Sunday, February 04, 2007

Laurie Halse Anderson, Fever 1793

Here's a pretty good book for YA girls. It follows the story of fourteen-year-old Matilda Cook, whose mother owns Cook's Coffeehouse in 1793 Philadelphia just as the yellow fever epidemic strikes the city. Spreading quickly from the ports into the city itself, the fever forces residents to take to the roads, and when her mother begins to exhibit symptoms and is whisked away to the country residence of family friends, Mattie and her elderly Grandfather are left to their own devices to seek shelter and medical attention as soon as possible.

Fever has a solid story with plenty of page-turning episodes to keep young readers engaged, including the appearance of two murderous burglers, the acquisition of a young waif named Nell, and even a little romance with (sigh!) Nathaniel Benson! What I liked best here, however, was the story's basis in historical fact: its descriptions of the cruel treatment of fever victims by the common people, how doctors both here and in Europe treated the disease differently, and Anderson's use of enough Appendix-laden material to qualify this novel as clearly a piece of YA historical fiction.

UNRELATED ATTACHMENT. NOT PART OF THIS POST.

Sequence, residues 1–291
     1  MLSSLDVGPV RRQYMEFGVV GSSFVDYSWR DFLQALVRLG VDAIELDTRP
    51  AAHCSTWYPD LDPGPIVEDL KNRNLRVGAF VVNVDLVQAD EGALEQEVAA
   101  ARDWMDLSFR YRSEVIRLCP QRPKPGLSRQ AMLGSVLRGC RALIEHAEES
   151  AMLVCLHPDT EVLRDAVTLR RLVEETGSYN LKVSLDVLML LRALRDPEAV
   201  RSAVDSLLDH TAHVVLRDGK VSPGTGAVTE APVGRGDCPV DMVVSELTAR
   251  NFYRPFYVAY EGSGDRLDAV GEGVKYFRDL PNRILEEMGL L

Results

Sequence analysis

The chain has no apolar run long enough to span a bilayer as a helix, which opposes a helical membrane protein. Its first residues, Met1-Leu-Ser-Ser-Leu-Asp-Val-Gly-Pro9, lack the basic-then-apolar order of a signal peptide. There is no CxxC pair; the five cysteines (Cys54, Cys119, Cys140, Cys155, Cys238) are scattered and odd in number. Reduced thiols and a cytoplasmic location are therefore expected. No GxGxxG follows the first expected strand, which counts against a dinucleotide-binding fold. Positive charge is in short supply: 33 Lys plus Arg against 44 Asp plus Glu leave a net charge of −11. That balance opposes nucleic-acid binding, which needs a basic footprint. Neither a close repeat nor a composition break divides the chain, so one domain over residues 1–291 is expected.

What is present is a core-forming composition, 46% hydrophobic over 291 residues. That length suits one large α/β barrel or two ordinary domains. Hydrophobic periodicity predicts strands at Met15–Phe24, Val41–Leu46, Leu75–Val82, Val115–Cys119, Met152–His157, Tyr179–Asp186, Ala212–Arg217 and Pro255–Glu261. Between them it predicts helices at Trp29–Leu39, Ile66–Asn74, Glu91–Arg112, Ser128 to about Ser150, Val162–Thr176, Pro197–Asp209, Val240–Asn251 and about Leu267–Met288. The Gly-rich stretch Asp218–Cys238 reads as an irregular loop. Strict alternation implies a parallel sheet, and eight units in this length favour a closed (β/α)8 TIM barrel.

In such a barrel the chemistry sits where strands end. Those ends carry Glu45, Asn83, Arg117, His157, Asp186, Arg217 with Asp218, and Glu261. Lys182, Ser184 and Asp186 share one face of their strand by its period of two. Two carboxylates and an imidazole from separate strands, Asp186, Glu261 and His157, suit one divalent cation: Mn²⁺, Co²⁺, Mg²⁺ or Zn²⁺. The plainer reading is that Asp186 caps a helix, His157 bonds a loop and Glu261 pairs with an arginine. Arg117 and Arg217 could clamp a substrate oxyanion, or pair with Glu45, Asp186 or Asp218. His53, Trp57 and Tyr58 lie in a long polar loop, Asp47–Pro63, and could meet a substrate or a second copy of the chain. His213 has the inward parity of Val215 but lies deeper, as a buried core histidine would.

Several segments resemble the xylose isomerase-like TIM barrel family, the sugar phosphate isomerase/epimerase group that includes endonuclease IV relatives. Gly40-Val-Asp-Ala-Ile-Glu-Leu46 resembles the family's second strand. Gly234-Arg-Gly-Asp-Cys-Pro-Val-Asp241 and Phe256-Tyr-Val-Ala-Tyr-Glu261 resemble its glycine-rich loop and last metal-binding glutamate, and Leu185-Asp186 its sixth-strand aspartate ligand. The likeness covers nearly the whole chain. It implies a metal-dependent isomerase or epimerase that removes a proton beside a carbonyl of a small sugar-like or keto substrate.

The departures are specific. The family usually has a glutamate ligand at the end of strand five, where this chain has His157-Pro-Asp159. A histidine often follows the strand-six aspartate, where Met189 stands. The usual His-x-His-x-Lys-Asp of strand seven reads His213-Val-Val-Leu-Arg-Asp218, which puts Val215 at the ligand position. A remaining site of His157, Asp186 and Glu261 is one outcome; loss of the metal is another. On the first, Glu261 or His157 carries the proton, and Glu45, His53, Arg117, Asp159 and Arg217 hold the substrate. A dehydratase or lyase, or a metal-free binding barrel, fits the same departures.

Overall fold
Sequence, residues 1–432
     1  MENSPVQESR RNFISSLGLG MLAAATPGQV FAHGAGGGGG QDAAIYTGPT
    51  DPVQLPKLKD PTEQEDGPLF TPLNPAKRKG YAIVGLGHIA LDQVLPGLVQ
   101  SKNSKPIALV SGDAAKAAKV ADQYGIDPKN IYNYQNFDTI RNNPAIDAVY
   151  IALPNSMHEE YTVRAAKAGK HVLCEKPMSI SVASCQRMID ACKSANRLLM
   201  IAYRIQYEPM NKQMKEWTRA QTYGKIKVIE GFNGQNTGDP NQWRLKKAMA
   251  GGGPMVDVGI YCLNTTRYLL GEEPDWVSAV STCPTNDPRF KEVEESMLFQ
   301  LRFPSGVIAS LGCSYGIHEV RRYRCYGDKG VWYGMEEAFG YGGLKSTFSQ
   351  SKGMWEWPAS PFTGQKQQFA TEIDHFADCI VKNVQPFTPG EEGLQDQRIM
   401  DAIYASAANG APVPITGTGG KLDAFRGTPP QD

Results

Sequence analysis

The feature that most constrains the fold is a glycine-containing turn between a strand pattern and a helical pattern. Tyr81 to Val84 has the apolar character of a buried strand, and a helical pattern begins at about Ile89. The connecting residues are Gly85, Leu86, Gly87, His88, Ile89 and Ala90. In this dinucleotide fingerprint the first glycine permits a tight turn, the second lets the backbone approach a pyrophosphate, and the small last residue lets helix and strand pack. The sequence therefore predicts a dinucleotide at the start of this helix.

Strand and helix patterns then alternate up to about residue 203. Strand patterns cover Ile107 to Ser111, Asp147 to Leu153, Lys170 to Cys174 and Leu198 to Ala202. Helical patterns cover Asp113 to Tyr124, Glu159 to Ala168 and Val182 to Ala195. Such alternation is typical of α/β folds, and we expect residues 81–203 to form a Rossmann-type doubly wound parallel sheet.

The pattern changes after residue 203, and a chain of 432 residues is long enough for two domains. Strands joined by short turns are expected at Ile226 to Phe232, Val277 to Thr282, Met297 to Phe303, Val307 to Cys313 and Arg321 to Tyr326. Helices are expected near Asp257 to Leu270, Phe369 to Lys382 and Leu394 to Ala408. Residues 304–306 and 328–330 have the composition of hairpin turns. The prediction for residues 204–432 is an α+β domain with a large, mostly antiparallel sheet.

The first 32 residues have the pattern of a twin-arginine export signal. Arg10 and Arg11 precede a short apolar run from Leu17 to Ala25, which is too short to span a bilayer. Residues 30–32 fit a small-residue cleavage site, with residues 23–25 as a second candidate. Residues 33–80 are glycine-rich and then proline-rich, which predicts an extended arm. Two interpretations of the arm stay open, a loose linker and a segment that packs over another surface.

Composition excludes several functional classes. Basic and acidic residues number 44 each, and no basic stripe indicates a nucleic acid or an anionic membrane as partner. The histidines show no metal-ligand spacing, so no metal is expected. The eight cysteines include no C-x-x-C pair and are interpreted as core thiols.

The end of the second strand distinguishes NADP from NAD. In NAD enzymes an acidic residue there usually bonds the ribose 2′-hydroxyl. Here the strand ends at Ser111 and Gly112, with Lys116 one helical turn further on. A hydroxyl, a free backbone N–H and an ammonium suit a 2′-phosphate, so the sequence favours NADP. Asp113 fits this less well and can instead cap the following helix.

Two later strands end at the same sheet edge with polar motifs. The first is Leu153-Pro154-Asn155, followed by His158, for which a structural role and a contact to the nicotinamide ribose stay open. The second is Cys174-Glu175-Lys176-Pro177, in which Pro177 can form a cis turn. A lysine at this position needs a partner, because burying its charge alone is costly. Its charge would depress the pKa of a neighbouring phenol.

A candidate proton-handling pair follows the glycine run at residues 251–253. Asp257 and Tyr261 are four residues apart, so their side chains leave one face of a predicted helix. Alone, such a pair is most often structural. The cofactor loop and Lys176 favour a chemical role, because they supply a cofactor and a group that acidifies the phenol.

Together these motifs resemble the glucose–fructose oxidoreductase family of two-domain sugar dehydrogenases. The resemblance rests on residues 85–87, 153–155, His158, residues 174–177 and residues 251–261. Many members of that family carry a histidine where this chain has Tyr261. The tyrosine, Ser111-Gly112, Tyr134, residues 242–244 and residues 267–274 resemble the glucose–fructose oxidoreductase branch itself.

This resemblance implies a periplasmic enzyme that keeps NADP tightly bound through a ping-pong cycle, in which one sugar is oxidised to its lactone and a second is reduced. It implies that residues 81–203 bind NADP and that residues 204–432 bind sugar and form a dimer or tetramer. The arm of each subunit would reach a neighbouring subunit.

Predictably, of course, we have the young protagonist who begins the novel with a certain set of values and, because of a life-altering experience, is now a much more "grown-up" individual by novel's end. It's fine to offer younger readers that sort of life-affirming storyline, but it's becoming so formulaic to me this year (after having read Soldier's Heart, Under the Same Sky, and Touching Spirit Bear) that I'm actually on a search at this point for something ... I don't know ... different.

Nevertheless, Fever is a good book, especially for young female readers. Check it out!

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